Clos Apalta 1999
A voluptuous, caramel-like wine, with a powerful mouthfeel thanks to Cabernet Sauvignon, with a touch of tannic roundness from Carmenère, which also contributes to the wine’s sweet and approachable side. A mature wine, a loyal representative of the best of the warm Colchagua valley. Keep: +/–10 years
£45; F&M, Har, Sel
Clos Quebrada de Macul
Ignacio Recabarren – another of Chile’s greatest talents – grows his Cabernet Sauvignon vines in the traditional Macul area, on the pre-Cordilleran hills of the Maipo.
Domus Aurea 1998
In a complicated year, dominated by the caprices of El Niño, this 100% Cabernet-based Domus is as juicy and menthol-like as it is full of acidic black fruits, with a strong but elegant body. A Macul wine in its full expression. Keep: +/–7 years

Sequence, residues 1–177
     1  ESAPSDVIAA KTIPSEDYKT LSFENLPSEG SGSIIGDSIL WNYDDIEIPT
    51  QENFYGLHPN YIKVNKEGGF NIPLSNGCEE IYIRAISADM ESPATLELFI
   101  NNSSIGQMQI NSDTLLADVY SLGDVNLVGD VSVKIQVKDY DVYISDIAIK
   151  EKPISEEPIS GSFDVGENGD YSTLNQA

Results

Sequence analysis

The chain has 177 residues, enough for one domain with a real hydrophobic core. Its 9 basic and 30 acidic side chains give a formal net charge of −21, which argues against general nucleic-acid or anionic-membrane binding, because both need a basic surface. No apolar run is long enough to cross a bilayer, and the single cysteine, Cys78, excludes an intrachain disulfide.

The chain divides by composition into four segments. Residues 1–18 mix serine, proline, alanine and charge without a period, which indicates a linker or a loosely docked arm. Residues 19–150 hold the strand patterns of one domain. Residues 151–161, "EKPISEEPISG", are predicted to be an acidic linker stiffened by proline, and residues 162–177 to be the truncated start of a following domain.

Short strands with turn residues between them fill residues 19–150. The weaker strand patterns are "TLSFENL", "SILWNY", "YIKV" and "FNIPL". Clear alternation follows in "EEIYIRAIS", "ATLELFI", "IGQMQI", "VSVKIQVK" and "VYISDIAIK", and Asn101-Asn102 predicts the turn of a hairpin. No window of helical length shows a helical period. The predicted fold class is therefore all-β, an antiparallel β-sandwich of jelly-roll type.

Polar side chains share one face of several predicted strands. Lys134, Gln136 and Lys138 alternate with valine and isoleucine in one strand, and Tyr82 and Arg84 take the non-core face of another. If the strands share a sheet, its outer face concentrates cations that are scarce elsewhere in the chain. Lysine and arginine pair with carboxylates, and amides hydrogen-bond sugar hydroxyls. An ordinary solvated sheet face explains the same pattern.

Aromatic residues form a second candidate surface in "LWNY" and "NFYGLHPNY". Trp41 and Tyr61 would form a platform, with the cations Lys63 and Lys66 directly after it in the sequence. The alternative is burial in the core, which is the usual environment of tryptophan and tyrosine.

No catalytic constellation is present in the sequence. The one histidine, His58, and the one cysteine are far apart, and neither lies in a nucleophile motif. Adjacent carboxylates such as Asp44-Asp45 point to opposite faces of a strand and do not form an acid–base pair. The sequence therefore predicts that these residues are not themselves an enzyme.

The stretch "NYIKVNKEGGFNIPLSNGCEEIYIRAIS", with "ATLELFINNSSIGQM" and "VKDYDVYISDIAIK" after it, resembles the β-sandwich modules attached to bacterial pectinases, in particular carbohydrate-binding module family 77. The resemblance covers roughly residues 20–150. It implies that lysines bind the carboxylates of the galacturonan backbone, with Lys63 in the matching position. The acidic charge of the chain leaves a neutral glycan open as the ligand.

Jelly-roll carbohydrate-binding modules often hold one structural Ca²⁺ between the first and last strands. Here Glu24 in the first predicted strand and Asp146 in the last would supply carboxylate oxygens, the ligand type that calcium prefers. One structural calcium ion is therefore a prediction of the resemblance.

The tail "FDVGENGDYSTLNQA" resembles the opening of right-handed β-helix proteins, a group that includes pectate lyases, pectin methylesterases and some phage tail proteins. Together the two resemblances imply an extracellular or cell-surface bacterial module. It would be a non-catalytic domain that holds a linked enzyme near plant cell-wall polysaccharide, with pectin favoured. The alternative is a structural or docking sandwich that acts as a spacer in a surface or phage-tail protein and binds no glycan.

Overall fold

Concha y Toro
Chile’s biggest winery and also the most daring one. Oenologists Marcelo Papa, Enrique Tirado and Ignacio Recabarren have really made their mark, from Casillero del Diablo through to Don Melchor.
Terrunyo Sauvignon Blanc 2001
It would have been easier to write about Don Melchor, the classic from this winery. Nevertheless this white’s loyalty to Casablanca is such that, when you drink it, you can almost feel the cold Pacific breezes brushing your face. Pure freshness, crisp acidity, and a strapping body. The future of Casablanca lies in this variety, no doubt about that. Keep: +/–2 years